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Minimum wage decision will widen the gap between the low-paid and the rest of workforce

01 June, 2012 | ACTU Media Release
Today’s decision by Fair Work Australia to grant just a $17.10 increase to Australia’s lowest paid workers will see those on minimum wages fall further behind the rest of the workforce and risks entrenching a working poor in Australia.

ACTU Secretary Dave Oliver said the Annual Wage Review panel’s decision to grant an increase of 2.9% to award wages overlooked the fact that low paid workers had continually fallen behind average wage earners in recent years.

“This is a very disappointing decision by Fair Work Australia that means the one-in-six workers who are dependent on award rates of pay will barely keep pace with the cost of living, let alone the rest of the workforce,” Mr Oliver said.

“This year’s decision will only widen the gap between minimum wage earners and the rest of the workforce. Over the past half-a-decade the incomes of the 1.4 million workers who depend on award wages have virtually stood still, after inflation is taken into account.

Average wages have grown by more than 10 times the rate of minimum wages since 2005.

“Every year those on minimum wages slip further behind, the more we will see a working poor become entrenched in Australia.”

The Annual Wage Review decision will lift the National Minimum Wage by $17.10 a week to $606.40 a week or $15.96 an hour from 1 July. The benchmark tradespersons (C10) rate will increase by $19.90 a week to $706.10 a week or $18.58 an hour.

Mr Oliver said the minimum wage case run by unions was the only opportunity award-dependent workers have to secure a pay rise.

He said that since 2005, the real value of the minimum wage (adjusted for inflation) has increased by less than 1%, while average wages have increased by 12%. The wages for some award classifications have fallen in real terms.

“Unions will continue to advocate for the lowest-paid in our economy because it is a measure of a fair society that all workers have a decent safety net,” Mr Oliver said.

“The richest earners in this country make the loudest noise when it comes to complaining about having to bear the mining tax. Yet it is not always as easy to hear the voices of the one in six workers dependent on awards, many of who struggle just to put food on the table.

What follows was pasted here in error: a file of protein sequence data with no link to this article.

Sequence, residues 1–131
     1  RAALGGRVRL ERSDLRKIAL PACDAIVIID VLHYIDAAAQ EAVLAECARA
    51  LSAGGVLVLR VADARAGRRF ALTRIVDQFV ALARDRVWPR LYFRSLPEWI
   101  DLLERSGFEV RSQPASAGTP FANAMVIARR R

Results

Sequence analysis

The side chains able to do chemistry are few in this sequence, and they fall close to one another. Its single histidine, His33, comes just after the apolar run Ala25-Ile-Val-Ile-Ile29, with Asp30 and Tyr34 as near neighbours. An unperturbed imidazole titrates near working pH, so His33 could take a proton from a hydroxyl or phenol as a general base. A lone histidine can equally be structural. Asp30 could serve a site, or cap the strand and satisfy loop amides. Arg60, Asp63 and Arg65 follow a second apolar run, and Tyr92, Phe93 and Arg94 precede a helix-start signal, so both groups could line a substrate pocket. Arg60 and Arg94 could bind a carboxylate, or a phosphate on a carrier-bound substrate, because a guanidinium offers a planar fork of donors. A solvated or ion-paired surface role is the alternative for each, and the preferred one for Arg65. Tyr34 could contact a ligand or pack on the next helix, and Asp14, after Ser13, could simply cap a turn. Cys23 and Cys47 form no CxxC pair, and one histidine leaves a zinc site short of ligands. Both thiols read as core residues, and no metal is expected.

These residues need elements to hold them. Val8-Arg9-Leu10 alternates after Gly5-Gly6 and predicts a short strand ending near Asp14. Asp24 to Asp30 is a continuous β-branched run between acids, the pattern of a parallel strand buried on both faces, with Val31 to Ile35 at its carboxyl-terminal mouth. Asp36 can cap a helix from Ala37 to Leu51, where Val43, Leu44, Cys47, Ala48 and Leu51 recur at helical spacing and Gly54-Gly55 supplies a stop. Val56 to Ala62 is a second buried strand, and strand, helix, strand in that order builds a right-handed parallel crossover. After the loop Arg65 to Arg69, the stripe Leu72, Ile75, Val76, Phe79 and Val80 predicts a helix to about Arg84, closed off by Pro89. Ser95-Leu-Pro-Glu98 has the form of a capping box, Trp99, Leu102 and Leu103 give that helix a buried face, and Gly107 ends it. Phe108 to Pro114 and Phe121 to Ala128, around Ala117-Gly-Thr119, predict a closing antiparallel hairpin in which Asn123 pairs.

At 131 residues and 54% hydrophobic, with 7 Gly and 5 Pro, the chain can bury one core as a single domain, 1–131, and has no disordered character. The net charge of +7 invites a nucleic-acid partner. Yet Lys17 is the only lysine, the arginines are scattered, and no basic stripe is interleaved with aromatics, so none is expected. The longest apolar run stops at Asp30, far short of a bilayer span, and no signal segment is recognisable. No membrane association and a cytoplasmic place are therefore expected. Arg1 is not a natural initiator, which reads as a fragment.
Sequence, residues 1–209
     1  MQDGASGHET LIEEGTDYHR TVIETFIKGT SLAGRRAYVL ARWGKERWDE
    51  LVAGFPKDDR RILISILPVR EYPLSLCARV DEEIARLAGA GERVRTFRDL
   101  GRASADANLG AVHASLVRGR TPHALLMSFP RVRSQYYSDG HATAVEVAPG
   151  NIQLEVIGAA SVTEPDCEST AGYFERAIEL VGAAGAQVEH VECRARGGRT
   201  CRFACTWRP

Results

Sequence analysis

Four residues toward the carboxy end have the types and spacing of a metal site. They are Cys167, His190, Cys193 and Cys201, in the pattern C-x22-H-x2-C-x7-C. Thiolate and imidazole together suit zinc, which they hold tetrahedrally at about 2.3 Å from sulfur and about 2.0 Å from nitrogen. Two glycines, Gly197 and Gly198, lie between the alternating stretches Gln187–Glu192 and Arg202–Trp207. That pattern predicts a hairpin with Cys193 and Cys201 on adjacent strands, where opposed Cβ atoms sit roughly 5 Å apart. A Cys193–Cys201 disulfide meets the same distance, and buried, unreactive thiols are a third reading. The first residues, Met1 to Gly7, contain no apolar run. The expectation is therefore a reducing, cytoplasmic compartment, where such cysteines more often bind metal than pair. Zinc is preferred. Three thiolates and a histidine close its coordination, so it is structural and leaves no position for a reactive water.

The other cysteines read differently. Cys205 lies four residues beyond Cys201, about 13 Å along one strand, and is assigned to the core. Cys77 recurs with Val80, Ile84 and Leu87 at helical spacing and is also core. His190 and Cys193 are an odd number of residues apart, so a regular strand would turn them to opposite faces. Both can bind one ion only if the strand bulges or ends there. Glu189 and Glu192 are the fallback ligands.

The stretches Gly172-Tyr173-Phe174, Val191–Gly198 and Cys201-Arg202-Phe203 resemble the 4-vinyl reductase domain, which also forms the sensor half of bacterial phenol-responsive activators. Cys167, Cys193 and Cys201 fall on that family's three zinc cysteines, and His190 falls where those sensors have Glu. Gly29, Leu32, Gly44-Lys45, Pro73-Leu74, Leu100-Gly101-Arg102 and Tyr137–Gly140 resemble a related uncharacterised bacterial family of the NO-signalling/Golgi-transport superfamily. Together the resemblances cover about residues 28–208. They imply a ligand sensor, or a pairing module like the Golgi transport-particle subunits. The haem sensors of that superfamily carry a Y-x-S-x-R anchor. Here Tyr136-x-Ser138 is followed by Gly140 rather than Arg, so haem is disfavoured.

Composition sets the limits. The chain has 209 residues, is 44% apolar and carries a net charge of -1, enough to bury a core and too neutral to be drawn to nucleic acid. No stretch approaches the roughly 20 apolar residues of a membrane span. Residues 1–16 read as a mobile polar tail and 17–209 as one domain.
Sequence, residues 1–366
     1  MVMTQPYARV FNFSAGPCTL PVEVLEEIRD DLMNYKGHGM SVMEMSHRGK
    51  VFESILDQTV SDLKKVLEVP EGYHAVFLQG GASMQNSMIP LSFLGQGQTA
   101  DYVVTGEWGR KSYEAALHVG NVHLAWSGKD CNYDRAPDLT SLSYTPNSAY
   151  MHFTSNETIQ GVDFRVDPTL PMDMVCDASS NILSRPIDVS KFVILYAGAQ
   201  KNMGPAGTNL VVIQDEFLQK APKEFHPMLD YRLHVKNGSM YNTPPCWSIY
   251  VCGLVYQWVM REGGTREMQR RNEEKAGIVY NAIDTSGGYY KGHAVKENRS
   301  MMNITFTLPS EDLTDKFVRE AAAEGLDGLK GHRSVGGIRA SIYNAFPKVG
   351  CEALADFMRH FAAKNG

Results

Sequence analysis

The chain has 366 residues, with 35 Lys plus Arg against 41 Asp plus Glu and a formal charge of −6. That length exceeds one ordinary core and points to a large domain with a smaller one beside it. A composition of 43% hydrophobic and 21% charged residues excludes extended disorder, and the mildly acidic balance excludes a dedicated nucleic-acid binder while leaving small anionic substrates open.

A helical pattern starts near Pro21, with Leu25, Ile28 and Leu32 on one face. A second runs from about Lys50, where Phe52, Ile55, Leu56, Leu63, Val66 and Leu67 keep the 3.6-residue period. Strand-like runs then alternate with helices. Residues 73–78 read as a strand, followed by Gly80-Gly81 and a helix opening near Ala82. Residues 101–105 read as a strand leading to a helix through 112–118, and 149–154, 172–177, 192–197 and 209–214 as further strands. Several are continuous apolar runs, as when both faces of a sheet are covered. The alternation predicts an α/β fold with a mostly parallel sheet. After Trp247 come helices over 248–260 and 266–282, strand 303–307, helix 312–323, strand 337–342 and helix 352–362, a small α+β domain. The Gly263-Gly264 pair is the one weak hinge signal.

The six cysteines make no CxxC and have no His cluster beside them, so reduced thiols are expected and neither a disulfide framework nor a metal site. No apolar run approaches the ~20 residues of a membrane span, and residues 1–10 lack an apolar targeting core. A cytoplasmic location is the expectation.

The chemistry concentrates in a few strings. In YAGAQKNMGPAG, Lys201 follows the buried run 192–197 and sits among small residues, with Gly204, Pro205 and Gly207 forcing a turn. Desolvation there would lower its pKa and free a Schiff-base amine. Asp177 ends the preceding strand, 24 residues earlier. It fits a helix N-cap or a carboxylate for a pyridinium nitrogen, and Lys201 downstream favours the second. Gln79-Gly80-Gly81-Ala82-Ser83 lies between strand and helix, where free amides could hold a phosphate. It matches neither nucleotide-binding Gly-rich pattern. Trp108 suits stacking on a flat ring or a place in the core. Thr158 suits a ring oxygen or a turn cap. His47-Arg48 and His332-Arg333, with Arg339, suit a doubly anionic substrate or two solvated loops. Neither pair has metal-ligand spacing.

“Wage inequality in this country is continuing to grow, and the priority of the wage review panel should be to provide and maintain a fair safety net for the lowest paid workers.

“Workers on collective agreements achieved pay rises of more than 4% last year, and unions are determined to stand up for workers to bargain collectively in their workplace and industry.”

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About Darin Sullivan (1969 Articles)
President of the Fire Brigade Employees’ Union and a professional firefighter with more than 25 years’ experience. I live and work on the NSW South Coast, Australia. I am a strong advocate for firefighters and emergency service workers with an interest in mental health issues and caring for those around me. I am a Director on the NSW Fire Brigades Death and Disability Super Fund and work with charities including ‘The Movember Foundation’. As a leader and activist I have long been active in the campaign for action on climate change. I am a Station Commander in the fire and rescue service in NSW and have 30 years experience fighting fires, both rural and urban. I am passionate about highlighting the impact climate change is having on fire preparedness and fire behaviour in Australia, and the risks associated with inaction on climate change. I am also a spokesperson for the Australian Climate Media Centre.
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